In many studies it is advisable to not only measure the inorganic phosphate and nitrate present in a given system, but also to determine the amount of nitrate, ammonia, and organic phosphate. By performing these additional analyse, not only can the productivity at the time of sampling by determined, but also the potential productivity in a given system can be inferred.
In the majority of freshwater systems it is found that phosphate has been generally the limiting factor. This has been due to the presence of blue green algae which have been common in most freshwater systems. These forms have the ability to fix atmospheric nitrogen, thus increasing, the concentration of nitrate in the water column. Apparently the normal phosphate input into these systems from the weathering of phosphatic terrestrial materials is insufficient to counterbalance the amount of nitrogen input by the blue-green algae.
Both lentic and lotic systems, are having the same basic mechanisms of nutrient cycling and sunlight relationships as explained above. Beyond these commonly shaded characteristics, however, the systems very greatly and should be considered as separate and discrete entities.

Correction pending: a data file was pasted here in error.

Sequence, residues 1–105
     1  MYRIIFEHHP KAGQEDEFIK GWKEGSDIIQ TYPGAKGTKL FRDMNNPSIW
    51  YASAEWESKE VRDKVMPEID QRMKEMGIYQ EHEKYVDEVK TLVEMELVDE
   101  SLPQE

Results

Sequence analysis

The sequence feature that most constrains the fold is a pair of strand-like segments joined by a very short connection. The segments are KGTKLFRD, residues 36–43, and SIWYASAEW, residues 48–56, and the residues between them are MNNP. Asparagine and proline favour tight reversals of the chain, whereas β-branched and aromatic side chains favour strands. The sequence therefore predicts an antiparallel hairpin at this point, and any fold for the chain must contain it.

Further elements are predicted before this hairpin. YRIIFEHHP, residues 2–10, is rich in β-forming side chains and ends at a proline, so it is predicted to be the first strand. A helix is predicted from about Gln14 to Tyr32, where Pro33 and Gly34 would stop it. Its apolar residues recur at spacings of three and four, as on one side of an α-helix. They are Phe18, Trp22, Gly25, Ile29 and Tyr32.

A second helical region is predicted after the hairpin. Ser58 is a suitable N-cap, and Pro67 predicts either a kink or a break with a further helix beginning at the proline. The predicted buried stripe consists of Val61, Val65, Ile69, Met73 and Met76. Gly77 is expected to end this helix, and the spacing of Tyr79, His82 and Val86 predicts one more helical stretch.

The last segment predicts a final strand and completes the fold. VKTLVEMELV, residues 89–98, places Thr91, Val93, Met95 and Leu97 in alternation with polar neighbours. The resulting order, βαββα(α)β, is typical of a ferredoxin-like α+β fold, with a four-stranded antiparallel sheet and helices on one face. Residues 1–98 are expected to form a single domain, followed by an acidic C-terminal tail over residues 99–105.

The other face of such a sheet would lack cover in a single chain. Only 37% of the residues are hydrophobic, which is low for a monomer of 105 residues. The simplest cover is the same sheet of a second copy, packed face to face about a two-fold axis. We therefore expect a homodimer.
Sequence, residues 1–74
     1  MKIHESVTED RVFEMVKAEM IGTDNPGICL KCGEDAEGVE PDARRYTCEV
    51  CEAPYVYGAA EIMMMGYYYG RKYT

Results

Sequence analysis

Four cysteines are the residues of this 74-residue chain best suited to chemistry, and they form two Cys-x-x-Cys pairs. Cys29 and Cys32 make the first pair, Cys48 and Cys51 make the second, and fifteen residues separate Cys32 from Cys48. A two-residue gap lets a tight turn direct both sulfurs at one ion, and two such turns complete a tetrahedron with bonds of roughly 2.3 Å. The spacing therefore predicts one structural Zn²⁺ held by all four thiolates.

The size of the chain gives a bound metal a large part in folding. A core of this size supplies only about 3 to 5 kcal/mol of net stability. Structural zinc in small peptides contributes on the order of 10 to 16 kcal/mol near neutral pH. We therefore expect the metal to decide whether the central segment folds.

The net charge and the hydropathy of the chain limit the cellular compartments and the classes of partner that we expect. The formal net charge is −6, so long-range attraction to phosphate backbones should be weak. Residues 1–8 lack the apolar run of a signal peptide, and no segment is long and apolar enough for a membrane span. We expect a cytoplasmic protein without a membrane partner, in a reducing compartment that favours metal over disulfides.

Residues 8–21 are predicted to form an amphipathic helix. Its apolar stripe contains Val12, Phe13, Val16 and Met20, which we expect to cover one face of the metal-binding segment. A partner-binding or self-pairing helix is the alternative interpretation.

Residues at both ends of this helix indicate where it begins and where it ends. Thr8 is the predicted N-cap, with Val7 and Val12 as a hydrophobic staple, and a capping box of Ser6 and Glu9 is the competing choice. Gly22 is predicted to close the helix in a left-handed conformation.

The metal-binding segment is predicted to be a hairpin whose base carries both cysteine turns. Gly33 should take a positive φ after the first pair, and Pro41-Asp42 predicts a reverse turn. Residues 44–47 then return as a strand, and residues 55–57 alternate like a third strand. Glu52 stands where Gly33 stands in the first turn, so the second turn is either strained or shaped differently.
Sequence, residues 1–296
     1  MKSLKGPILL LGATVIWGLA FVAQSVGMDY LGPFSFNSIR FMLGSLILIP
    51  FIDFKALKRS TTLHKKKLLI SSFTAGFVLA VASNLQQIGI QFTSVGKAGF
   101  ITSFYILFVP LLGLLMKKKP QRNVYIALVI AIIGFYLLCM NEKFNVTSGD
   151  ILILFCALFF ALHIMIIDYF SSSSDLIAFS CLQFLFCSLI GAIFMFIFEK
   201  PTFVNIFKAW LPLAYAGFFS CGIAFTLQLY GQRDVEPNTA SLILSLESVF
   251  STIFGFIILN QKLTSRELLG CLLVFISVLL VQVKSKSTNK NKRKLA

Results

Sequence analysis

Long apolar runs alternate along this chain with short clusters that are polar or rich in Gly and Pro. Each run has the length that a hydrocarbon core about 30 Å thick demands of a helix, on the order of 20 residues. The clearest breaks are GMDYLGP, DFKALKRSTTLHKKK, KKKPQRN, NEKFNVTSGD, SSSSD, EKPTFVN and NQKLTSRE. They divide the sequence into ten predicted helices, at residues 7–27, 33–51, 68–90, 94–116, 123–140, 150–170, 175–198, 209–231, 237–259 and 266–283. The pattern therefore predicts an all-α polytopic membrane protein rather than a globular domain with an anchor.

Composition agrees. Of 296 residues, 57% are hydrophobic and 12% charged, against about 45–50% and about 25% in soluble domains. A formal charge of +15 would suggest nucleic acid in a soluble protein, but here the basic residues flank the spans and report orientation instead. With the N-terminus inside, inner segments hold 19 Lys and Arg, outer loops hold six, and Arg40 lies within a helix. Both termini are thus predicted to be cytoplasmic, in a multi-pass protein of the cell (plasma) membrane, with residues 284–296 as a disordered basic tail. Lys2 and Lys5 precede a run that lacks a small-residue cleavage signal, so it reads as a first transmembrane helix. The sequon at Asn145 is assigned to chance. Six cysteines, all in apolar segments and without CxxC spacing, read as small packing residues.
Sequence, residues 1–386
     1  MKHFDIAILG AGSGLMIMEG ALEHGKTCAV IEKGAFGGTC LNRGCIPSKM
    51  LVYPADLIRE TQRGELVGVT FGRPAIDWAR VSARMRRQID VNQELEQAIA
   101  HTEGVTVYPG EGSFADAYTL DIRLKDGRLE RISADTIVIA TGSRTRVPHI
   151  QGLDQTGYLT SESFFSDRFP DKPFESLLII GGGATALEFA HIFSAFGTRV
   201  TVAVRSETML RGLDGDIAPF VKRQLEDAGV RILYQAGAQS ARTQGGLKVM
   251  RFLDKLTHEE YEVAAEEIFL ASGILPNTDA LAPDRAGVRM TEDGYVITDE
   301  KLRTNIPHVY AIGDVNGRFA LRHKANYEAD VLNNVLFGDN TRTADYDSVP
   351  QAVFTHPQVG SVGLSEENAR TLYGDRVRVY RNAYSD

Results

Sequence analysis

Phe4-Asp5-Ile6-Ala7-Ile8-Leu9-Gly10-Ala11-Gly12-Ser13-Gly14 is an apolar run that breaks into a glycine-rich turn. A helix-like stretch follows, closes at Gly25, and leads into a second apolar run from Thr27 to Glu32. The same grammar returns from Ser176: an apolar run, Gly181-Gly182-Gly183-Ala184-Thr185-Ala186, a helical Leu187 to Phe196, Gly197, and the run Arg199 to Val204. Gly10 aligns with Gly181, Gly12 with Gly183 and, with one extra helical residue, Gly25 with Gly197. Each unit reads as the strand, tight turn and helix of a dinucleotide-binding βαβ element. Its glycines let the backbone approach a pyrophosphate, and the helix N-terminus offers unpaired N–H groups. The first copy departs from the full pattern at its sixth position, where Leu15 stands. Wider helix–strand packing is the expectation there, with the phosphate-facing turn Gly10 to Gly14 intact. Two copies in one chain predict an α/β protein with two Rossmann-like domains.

Complexion in Natural Water and Waste Water:
Naturally occurring chelating agents like humic acids and amino acids are found in natural water and soil. The abundance of chloride in sea water gives rise to the formation of some chloro-complexes. There are synthetic chelating agents, like sodium tripolyphate, sodium ethylenediamine tetracetate (EDTA), sodium nitiriotriacetate (NTA) and sodium citrate, which are discharged in small amounts into aquatic system from different industrial wastes.
The ligands occurring in natural water and waste water are having a variety of organic groups which are able to co-ordinate to metal ions:
These ligands are known to form complexes with most metal ions (Mg2+, Ca2+, Mn2+, Fe3+, Cu2+,Zn2+,CO2+, Ni2+, Sr2+, Cd2+ and Ba2+) which are present in natural water and biological system.